Plan to visit the National Mosque in Kuala Lumpur? Non-Muslims are greeted with open arms to this contemporary-styled mosque. However, remember to dress modestly before leaving your hotel. Men should wear long pants, while women should wear tops with sleeves, non-cleavage revealing and long pants or a long skirt. Fret not if your Malaysia travel wardrobe is lacking. Robes will be lent to visitors.
If you are visiting other places of worship such as the Chinese temple Thean How Kong or the famous Sri Mahamariamman Indian Temple, dressing modestly will suffice. What this means is to avoid bearing your shoulders, midriffs or super short hemlines and no singlets for men. Most importantly, do remove your shoes before entering the premise.
Know Where to Get Your Alcohol
(Malaysia Travel Rules Must)
Can’t wait to wind down with a beer in your hand at the end of a hot day? Then pick your restaurant wisely. Malaysia travel tip #1 for most tourists. With 61% of the population comprising of Muslims, do note that Muslim restaurants do not serve any form of alcohol within their premises. From high-end Muslim restaurants, coffee shops to your hut-like eateries beside the road or in night markets, refrain from asking for a beer at these outlets. But, head over to swanky rooftop restaurants, Jalan Alor along Petaling Street, bars within Klang Valley or any hotel in Kuala Lumpur and your beer will be served pronto. In short, Malaysia is a nice juxtaposition of ethnic sensitivities. There is respect for each race’s decree and understanding for others who don’t share the same religious practice.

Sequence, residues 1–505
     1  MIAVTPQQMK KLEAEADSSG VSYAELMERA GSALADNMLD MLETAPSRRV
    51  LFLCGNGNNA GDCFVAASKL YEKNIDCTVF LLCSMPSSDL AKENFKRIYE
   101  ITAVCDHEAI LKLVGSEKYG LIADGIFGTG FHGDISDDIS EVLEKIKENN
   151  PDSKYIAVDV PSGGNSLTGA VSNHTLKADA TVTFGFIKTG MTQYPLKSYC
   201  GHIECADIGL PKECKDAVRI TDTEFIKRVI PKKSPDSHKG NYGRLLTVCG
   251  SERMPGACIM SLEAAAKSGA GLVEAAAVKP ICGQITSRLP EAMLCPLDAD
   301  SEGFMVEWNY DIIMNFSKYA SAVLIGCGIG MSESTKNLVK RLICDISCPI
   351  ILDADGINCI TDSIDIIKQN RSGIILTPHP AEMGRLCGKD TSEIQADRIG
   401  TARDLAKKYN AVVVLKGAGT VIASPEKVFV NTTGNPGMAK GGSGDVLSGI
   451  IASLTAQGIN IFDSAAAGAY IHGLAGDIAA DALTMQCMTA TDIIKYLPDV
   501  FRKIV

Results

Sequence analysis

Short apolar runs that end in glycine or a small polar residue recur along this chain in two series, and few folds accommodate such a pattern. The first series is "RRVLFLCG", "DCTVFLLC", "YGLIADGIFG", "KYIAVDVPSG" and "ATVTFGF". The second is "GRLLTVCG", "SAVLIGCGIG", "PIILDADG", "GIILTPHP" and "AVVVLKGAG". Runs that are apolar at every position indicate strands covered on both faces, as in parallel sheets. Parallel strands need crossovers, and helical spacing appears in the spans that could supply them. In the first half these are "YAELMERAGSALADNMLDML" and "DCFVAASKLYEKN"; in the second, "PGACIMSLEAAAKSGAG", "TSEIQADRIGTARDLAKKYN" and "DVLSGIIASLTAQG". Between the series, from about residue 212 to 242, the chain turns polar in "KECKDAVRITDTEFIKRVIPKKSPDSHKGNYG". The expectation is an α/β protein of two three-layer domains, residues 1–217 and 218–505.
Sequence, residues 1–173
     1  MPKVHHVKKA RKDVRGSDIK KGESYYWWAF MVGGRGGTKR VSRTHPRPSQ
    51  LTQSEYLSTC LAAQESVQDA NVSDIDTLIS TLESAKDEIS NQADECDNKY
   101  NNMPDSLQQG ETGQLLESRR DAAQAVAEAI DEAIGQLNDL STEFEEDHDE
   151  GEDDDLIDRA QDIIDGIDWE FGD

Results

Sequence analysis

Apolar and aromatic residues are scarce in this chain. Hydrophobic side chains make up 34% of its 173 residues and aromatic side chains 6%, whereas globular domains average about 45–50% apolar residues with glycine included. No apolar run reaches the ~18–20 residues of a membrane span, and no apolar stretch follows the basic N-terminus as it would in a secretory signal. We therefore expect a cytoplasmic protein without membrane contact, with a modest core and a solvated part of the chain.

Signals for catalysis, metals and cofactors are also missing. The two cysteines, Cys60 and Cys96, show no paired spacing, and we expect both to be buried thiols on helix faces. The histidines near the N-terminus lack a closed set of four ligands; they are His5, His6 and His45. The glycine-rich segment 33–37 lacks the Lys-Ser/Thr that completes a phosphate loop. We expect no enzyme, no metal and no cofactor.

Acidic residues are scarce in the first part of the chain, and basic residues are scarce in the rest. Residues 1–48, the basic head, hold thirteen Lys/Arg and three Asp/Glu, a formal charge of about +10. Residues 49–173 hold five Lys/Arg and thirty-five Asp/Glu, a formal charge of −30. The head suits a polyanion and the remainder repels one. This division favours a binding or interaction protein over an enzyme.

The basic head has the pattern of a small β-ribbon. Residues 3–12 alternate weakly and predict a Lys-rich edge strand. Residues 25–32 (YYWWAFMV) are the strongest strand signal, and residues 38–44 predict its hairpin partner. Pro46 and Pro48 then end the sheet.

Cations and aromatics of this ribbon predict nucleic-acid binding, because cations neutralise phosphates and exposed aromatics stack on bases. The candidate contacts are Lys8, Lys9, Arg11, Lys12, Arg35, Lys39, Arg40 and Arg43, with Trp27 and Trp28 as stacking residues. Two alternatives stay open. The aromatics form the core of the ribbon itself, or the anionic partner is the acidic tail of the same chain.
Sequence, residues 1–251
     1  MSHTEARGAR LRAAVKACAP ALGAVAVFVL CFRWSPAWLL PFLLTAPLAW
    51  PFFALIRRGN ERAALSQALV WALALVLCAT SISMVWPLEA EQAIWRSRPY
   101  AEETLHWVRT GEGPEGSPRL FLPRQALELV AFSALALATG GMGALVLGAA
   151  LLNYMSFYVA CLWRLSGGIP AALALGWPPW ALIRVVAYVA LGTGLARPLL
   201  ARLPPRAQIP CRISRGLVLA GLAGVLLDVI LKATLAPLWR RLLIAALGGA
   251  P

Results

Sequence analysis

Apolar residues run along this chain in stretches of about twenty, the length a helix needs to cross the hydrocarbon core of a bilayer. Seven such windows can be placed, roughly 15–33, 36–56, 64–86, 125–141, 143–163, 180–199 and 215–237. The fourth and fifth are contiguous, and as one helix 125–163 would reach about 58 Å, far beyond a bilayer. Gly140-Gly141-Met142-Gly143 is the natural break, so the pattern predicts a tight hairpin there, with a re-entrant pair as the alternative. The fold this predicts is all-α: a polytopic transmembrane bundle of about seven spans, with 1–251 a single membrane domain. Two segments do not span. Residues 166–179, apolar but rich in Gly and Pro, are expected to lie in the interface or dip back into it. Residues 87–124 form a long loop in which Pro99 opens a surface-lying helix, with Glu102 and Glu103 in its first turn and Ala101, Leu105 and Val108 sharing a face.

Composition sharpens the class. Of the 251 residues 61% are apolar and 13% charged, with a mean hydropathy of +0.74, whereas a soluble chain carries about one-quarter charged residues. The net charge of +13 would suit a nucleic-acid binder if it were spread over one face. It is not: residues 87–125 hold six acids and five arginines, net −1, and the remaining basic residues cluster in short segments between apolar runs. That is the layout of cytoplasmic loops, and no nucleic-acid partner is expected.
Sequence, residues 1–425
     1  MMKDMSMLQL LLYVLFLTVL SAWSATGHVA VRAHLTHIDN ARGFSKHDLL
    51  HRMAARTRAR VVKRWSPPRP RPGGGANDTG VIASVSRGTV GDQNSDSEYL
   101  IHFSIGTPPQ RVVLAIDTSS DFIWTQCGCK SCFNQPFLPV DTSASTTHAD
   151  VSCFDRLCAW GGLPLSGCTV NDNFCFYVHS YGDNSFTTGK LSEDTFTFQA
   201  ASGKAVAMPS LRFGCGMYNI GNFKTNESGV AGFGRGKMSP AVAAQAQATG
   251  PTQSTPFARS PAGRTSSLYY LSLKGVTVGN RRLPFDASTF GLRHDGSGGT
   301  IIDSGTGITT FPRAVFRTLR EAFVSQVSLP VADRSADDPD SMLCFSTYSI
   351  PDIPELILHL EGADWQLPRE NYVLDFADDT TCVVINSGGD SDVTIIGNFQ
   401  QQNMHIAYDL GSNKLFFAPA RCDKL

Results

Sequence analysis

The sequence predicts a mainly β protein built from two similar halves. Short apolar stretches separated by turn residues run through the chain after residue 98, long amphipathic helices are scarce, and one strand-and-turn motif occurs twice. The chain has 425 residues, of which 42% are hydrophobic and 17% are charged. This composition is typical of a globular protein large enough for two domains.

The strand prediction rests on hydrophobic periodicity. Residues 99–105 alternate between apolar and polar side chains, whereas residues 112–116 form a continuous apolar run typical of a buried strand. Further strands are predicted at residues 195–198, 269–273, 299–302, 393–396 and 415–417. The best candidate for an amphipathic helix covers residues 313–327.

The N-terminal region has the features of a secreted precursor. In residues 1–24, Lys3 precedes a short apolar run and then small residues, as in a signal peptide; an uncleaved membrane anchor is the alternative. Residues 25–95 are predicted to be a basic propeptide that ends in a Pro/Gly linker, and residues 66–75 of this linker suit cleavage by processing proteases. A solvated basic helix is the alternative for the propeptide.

Leverage Your English
While the national language in Malaysia is the Malay language, English is the second medium of communication and a compulsory subject across all educational institutions. Signboards in Malaysia are in dual language – Malay and English. 99% of Malaysians can speak English, with varying degrees of comprehension. Expect to hear colloquial terms found in the dictionary, with a high chance of each sentence ending with “lah”, “mah’, “ya lor”, or “is it”. Here, everyone is a “boss”. From the waiter in the local eatery, who will greet you with “What do you want to eat today boss?” to the taxi driver’s “Have a good trip boss.” The word “boss” is a term of endearment used out of respect and is highly effective in smashing any communication barriers.
Good etiquette is simply a combination of common sense and a basic understanding of the local protocol. Abide by the famous English proverb, “When in Rome, do as the Romans do” and we guarantee that you will have a memorable and wonderful Malaysia travel experience. If in any doubt, simply ask for guidance. Malaysians are a friendly lot known for their infectious hospitality, as these eager-beavers are ever ready to help.